The West River veterinarians say they are aware that many pet owners and livestock producers have a limited budget.
"We do as much as we can...We can come up with creative solutions," West said. "We can do a lot of good even within a limited budget.
Innes said she knows personally the impact of one sick animal: "I remember how much that one cow can affect the family. That's a person's livelihood."
Innes said she wanted to be a veterinarian from the moment she knew what the word meant.
"I always wanted to save animals...I always wished I could help," Innes said.
She said she remembers regularly bringing homeless animals home and caring for them, sometimes in secret locations, unbeknownst to the family.
"My parents kind of got used to it," she said.
Innes, a graduate of Auburn University's vet school in Alabama, said she made it through the extremely rigorous program not because she's a genius, but because, "I'm a really hard worker."
She said she kind of lives by something she read once: "If you're lucky enough to find a way of life you love, you have to find the courage to live it."
Innes, who wanted to come back close to home to practice, convinced a vet at West River to be her preceptor for her vet school's required two-month work clinic she had to complete.
The clinic would end up offering her a position.
Now she cares for everything from sheep, goats, cattle, dogs, to sugar gliders and ferrets. She once had to break the news to someone who thought they had bought two male guinea pigs that the one getting "fat" was definitely not male.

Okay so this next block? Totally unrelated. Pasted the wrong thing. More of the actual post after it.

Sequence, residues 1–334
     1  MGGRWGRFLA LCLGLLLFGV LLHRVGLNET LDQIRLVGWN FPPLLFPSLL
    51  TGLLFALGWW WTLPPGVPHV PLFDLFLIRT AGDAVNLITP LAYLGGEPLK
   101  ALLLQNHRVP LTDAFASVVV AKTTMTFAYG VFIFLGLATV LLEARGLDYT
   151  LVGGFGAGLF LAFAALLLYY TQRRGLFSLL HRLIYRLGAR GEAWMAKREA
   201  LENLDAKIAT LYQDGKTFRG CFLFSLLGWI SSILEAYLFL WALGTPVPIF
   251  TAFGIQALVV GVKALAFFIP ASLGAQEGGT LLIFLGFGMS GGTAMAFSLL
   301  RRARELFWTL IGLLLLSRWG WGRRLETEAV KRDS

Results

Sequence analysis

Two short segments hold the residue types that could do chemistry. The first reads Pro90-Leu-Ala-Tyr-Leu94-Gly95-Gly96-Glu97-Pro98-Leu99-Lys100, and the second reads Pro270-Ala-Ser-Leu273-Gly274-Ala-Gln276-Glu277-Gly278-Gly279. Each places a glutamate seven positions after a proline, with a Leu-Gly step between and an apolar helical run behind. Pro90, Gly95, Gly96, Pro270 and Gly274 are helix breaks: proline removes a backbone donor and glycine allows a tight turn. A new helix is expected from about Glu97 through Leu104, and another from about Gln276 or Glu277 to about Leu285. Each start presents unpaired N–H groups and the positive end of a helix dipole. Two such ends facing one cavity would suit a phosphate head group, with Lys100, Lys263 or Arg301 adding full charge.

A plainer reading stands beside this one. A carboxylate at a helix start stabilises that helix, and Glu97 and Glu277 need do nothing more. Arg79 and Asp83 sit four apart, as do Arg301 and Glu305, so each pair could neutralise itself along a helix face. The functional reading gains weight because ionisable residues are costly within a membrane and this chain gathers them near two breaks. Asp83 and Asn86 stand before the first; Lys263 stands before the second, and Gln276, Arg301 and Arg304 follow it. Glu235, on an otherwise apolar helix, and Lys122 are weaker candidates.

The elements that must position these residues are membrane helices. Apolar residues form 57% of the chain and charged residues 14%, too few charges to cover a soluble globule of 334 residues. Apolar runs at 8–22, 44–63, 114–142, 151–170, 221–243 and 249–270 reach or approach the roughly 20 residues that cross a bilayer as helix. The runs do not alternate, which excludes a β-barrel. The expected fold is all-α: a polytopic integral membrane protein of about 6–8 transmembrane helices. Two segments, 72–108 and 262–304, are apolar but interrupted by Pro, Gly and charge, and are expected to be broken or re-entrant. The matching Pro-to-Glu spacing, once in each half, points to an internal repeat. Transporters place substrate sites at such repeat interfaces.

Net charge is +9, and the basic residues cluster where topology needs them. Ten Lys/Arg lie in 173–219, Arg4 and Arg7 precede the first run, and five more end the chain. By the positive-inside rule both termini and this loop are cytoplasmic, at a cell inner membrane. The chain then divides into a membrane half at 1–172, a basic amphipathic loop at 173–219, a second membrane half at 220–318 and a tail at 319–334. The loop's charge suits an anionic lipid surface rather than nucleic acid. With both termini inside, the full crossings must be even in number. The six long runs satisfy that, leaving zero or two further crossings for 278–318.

West grew up in Menoken in a rodeo family.
West said her parents recall that since she was tiny she was forever talking about becoming a veterinarian.
"I loved working with and helping animals...especially liked working with horses," West said in a recent interview.
As an undergraduate pursuing a microbiology degree at North Dakota State University, she and her quarter horse, Henry, competed on the school's rodeo club in team roping, and she maintained her violin playing by performing with a group at nearby Concordia College in Minnesota.
Later at Kansas State University's vet school, she worked toward an expertise in equine medicine and surgery.
She said she always planned to come back to North Dakota, but worked in Iowa for a time while her husband, a chemical engineer, had a position there.
He has since left that career, getting back into ranching at his grandparents' place north of Hettinger where the couple and their daughter, age 1, now live.
West said it was during vet school that she became familiar with the West River clinic. For needed college credits she worked at West River for a two-week unpaid externship. When one of the vets, Dr. Donald Safratowich retired, she was contacted about taking his place.